You may, however, authorize payment of any health care benefits under this Plan to a Participating Provider or a provider who is not a Participating Provider . . . You may not interpret or rely upon this discrete authorization or permission to pay any health care benefits . . . as the authority to assign any other rights under this Plan to any party, including but not limited to, a provider of health care service/items.
(Dkt. 14-5 at 68 (emphasis added).) Read in isolation, the Court agrees that the SPD's anti-assignment clause prohibits Patient from assigning to Plaintiff his right to sue for benefits and penalties.

Plaintiff, however, points to a separate SPD provision that purportedly conflicts with the anti-assignment clause because it allows authorized representatives, such as Plaintiff, to file suit in federal court. (Dkt. 24 at 5-6.) The SPD's “Legal Action” provision states that “you have the right to bring a civil action under ERISA section 502(a) if you are not satisfied with the outcome of the Appeals Procedure,” and the SPD defines “you” as “the Covered Member, and also . . . a representative or provider designated by you to act on your behalf.” (Dkt. 14-5 at 56, 61 (emphasis added).) Plaintiff is a provider that has been designated by Patient to act on Patient's behalf. The SPD's “Legal Action” provision thus appears to allow Plaintiff, as authorized representative, to bring an ERISA action on behalf of Patient.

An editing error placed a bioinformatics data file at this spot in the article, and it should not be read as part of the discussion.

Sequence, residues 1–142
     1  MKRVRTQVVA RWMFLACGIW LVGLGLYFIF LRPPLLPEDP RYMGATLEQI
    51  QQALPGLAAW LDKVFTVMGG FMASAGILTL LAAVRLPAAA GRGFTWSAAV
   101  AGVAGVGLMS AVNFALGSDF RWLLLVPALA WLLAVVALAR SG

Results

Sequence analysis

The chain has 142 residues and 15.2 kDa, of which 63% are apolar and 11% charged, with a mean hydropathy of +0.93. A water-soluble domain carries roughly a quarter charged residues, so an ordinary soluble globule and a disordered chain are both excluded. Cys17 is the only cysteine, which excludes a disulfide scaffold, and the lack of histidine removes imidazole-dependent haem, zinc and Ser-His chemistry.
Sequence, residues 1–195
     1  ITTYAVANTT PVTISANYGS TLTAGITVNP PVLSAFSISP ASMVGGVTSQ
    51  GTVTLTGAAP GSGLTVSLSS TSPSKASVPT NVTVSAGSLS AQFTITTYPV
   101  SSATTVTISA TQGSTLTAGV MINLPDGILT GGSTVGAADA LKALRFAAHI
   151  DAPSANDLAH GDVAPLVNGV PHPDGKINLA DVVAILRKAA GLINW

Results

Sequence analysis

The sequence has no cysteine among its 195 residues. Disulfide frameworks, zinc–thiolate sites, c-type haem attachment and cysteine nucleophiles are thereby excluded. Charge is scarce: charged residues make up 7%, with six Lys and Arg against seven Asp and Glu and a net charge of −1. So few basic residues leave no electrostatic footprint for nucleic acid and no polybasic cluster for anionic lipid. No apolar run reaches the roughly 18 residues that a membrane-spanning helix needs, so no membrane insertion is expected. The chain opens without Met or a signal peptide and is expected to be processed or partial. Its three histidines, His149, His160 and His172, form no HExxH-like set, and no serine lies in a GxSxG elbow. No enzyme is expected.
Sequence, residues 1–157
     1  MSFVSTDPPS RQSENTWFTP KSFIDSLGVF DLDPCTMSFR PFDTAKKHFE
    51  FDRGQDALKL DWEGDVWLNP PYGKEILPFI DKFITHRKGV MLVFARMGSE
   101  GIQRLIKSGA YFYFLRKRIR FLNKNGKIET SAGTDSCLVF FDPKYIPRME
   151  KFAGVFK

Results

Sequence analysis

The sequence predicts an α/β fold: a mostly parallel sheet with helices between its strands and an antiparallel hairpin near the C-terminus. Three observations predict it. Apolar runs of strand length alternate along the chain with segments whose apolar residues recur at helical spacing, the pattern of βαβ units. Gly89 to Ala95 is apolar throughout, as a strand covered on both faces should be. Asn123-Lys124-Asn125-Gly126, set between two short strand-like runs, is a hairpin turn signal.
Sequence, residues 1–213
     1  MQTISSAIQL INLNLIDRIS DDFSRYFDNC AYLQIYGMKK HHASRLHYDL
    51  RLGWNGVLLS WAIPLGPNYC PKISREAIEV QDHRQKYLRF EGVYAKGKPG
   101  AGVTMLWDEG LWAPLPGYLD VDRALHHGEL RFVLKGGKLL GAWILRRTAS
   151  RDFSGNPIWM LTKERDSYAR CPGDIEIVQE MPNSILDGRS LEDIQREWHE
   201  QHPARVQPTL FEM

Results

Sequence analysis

Plaintiff plausibly contends that the two clauses conflict and create ambiguity regarding whether authorized representatives are permitted to sue under ERISA on behalf of a plan participant. The “Legal Action” provision states that “you,” meaning the “Covered Member” or designated “representative or provider,” have “the right to bring a civil action under ERISA section 502(a).” (Dkt. 14-5 at 56, 61.) Authorized representatives, however, need a valid assignment from the plan participant or beneficiary to bring suit. See W.A. Griffin, 2021 WL 6102167, at *2. To give effect to the “Legal Action” provision, the SPD would have to allow assignment of the right to sue because it is a necessary condition for authorized representatives to be statutorily eligible to file suit under ERISA. Yet the anti-assignment clause bars any such assignments, which would render the Legal Action clause meaningless. See Curia v. Nelson, 587 F.3d 824, 829 (7th Cir. 2009) (Contracts should be interpreted to “ascribe[] meaning to every clause, phrase and word used” and “nothing should be rejected as meaningless, or surplusage.”).